The U.S. lumber market is out of control
Facing skyrocketing lumber prices at home, U.S. importers are driving competition for European wood — and winning.
The frenzy comes on the heels of record American forest-products imports from Europe in 2020, when North American demand soared and caught sawmills off guard with low inventories. Lumber prices have reached new peaks on a near-daily basis in recent weeks, quadrupling from just a year ago. The unprecedented rally has been spurred by low borrowing rates, an increased appetite for larger homes, and a frenzy of do-it-yourself renovations during the pandemic.
Unrelenting building demand means U.S. sawmills have been unable to catch up, causing suppliers to look to Europe for a reprieve as it is one of the few parts of the globe with a surplus due to a beetle infestation that killed large swaths of trees that must now be harvested. Voracious U.S. demand means beetle-killed wood in Europe could sell faster than expected, though international shipping and U.S. trucking constraints limit supply chain capabilities.
“The other markets are getting pulled up by the U.S.,” said Geoff Berwick, vice president of business development at Atlantic Forest Products.
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Berwick has been importing lumber from Europe since 1999, and his job has never been easier, he said. Customers tell him: “Get me covered and let me know what it’s going to cost.” Normally, prices are negotiated.
The buying power of lumber importers in the U.S. is strengthened by home builders’ willingness to pay up, as project costs rise by the hour on some days. The cost of lumber for the average U.S. house has increased by nearly $36,000 over the last year, according to the National Assn. of Home Builders.
The U.S. continues to buy the biggest share of its foreign forest products from Canada, but imports from the European Union reached an all-time high in 2020, nearly tripling 2019’s amount. The biggest jump from European countries came from Sweden, which rose a dizzying 1,300%. Imports from Europe remained strong in the first three months of 2021, up 37% from the same period last year, USDA Foreign Agricultural Service data show.
“European producers will always look for the best markets. Right now that’s still the U.S.,” said Thomas Mende, chief executive of Binderholz Timber Inc. in Georgia, the U.S. branch of Binderholz in Austria. “The Chinese have been more aggressive and are willing to pay higher prices, so are the Indian buyers.”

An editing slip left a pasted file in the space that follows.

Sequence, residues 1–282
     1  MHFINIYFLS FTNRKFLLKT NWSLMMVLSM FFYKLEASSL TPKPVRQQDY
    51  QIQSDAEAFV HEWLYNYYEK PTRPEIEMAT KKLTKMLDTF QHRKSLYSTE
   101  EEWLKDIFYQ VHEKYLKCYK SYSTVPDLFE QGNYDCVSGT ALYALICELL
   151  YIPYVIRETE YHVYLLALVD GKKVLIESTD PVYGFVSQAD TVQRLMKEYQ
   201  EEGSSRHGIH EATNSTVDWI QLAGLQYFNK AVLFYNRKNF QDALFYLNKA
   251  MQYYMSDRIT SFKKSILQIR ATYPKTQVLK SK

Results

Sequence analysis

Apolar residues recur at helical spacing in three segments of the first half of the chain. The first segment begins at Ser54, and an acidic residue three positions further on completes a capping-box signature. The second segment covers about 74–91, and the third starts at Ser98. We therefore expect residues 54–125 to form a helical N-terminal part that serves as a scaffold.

These days when Binderholz has wood available, it’s often sold within minutes, Mende said.
Even with “insane” Chinese demand for European lumber, the strength of U.S. buying is the largest factor supporting prices, said Hans-Joachim Hormel, the head of Baden-Wuerttemberg State Forest lumber sales in Germany. U.S. buyers have lower expectations for quality, so the damage and discolorations in lumber from beetle-infested forests make it ideal for export stateside, Hormel said.
BPWood, a lumber trading house in one of the main North American producing regions of British Columbia, has increased its European imports tenfold compared with a typical month last fall, Chief Executive Paul Bouchard said.
Still, deliveries may come with a one- to two-month lag given robust demand in the U.S. “It’s a rowdy, rock ‘n’ roll, surreal market right now,” Bouchard said.
U.S. lumber futures fell for a third straight day Wednesday, trading more than $200 below Monday’s record high of $1,733.50 per 1,000 board feet. Still, traders are reluctant to say the market has reached its peak due to the lack of lumber reaching customers and inability of mills to ship products quickly amid a trucking shortage.
“Customers and distributors clamored for material to fill in voids or meet obligations, and the mills struggled to ship existing orders,” William Giguere, who buys and sells eastern spruce with mills for Sherwood Lumber in Massachusetts, said in a note Wednesday.
— Bloomberg writers Lukas Strobl and Dominic Carey contributed to this report.
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